The dev zero file is just like dev null when it comes to writing to it, but when it comes to reading from it what is ascertained is null bytes rather than an end of file response.

$ head -c 5 /dev/zero | xxd -p

2.3 - \/dev\/random

There is the the random pseudo device that is just what one would expect which can come in handy in certain cases.

$ head -c 1 /dev/random | xxd -p

3 - Reading \/dev\/input devices like the mouse and keyboard

When it comes to working with the mouse, keyboard, and any other input devices that may be connected to a Linux system there is the input folder in the dev folder. When it comes to this folder there may be one ore more move files, and there is also going to be at least a few event files. One or more of these event files can end up being the keyboard, as well as the mouse but the truck is knowing which event is mapped to what.

3.1 - Reading from the mouse

I covered reading from the mouse before in the basic section, so here is that example once agian.

$ xxd -p /dev/input/mouse0

This might not work in all systems though, one reason why is that the name of the file might be a little different depending on if it is a USB or ps2 mouse for example. There is also having a situation in which one might have a USB and blue tooth mouse connect at the same type, or maybe a few more pointer devices in which to work with. This is why in the input folder there is also a number of event device folders also.

3.2 - The event x and the by-id folder

There should be a number of event files in the input folder also, these will likely be mapped to the keyboard and mouse as well as anything else that might be connect that is some kind of input device. The hard part is just knowing what event is mapped to what. One way is to take a look in the by-id folder in the input folder of the dev folder. If one does an ls command call with the -l option this will help show what is mapped to which event.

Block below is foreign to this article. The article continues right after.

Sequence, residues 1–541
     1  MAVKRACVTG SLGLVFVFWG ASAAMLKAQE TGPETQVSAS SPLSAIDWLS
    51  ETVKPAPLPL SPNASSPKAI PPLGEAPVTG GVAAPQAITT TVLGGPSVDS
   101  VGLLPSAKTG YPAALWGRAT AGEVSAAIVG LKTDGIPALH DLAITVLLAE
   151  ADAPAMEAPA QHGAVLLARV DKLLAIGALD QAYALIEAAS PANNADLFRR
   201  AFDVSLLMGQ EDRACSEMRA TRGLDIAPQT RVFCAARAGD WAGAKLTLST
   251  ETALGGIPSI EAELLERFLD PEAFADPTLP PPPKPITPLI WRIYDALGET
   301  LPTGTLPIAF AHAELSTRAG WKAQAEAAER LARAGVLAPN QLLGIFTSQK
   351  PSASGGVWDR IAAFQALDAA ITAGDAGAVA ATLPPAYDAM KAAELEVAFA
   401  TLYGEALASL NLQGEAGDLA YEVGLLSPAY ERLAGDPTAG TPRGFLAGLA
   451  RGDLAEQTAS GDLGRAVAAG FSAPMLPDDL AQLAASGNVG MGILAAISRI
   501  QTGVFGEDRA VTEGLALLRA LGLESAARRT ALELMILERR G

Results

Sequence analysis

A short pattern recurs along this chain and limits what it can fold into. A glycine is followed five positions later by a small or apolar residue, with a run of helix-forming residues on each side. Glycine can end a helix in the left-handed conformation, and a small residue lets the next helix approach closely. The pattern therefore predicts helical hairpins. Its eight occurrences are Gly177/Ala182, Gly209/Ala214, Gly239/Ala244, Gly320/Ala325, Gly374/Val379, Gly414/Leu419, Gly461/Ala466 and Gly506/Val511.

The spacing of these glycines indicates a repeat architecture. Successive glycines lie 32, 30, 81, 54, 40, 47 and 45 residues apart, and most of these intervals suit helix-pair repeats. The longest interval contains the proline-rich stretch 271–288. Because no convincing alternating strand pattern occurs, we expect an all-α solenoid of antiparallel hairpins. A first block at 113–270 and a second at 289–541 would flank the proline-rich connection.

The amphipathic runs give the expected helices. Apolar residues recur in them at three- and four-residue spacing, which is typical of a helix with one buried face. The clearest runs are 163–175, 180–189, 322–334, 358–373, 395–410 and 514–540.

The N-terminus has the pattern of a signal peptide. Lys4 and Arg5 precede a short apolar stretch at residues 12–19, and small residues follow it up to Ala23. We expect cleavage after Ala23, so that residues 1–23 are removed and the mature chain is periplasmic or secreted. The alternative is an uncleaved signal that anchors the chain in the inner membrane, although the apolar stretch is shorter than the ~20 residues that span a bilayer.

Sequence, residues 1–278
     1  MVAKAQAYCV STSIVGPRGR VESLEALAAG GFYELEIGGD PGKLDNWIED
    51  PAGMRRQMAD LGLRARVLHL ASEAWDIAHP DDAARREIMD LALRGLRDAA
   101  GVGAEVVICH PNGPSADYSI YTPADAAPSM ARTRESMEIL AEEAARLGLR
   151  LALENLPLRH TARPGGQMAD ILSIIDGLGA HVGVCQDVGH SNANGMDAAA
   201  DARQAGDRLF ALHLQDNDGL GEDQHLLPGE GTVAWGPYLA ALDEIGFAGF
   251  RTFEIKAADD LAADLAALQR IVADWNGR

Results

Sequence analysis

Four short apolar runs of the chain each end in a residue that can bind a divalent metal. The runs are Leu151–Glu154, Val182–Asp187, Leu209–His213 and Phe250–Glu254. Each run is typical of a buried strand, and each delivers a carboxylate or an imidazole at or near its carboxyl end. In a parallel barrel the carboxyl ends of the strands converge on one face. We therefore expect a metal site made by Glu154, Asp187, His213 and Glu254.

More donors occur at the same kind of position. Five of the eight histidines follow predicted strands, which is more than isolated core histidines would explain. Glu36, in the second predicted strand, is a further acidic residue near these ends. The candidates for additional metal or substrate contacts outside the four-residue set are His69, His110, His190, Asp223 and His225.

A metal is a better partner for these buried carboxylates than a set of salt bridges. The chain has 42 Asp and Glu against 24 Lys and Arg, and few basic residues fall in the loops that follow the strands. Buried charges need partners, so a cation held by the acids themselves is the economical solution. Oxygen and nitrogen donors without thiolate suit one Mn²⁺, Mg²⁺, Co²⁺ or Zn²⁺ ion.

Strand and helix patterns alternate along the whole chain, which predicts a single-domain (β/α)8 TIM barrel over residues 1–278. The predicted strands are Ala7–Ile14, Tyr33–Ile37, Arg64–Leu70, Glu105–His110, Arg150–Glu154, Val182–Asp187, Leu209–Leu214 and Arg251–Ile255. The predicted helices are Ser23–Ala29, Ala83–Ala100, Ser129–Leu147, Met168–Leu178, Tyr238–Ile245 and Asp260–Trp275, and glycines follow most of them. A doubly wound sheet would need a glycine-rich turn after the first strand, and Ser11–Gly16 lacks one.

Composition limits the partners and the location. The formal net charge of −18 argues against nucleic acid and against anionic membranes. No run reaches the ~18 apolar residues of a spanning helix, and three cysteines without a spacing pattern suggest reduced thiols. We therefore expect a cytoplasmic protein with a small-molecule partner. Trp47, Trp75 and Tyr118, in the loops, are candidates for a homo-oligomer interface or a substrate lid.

$ ls -l /dev/input/by-id
total 0
lrwxrwxrwx 1 root root 9 Nov 16 17:23 usb-413c_Dell_KB216_Wired_Keyboard-event-if01 -> ../event3
lrwxrwxrwx 1 root root 9 Nov 16 17:23 usb-413c_Dell_KB216_Wired_Keyboard-event-kbd -> ../event2
lrwxrwxrwx 1 root root 9 Nov 16 17:23 usb-Microsoft_Comfort_Mouse_6000-event-if00 -> ../event0
rwxrwxrwx 1 root root 9 Nov 16 17:23 usb-Microsoft_Comfort_Mouse_6000-event-mouse -> ../event1
lrwxrwxrwx 1 root root 9 Nov 16 17:23 usb-Microsoft_Comfort_Mouse_6000-mouse -> ../mouse0
$ ls -l /dev/input/by-id | tr '[:upper:]' '[:lower:]' | grep 'keyboard' | grep -o 'event[0-9]'

It is then possible to pipe the output from an ls command call, into some commands to filter the text such as the tr command, as well as grep to get a desired end result.

4 - Conclusion

There is a great deal more to write about when it comes to the various folders off of the root folder in a Linux system. I would say that taking the time to look into each of them is a good way to gain a deeper level of knowledge as to how to work with a Linux system, as well as how to look into things and learn a thing or two about how to use Linux. There is also the idea of just starting to look into all the various commands there are to work with, but even then it still makes sense to look into the various folders and paths to know what there is to work with because that will change from one system to another. With that said there is taking a look into the bin folder which is a good place to start to see what commands there are to work with, and also using the Linux type bash built in command when it comes to testing if a command is installed or not.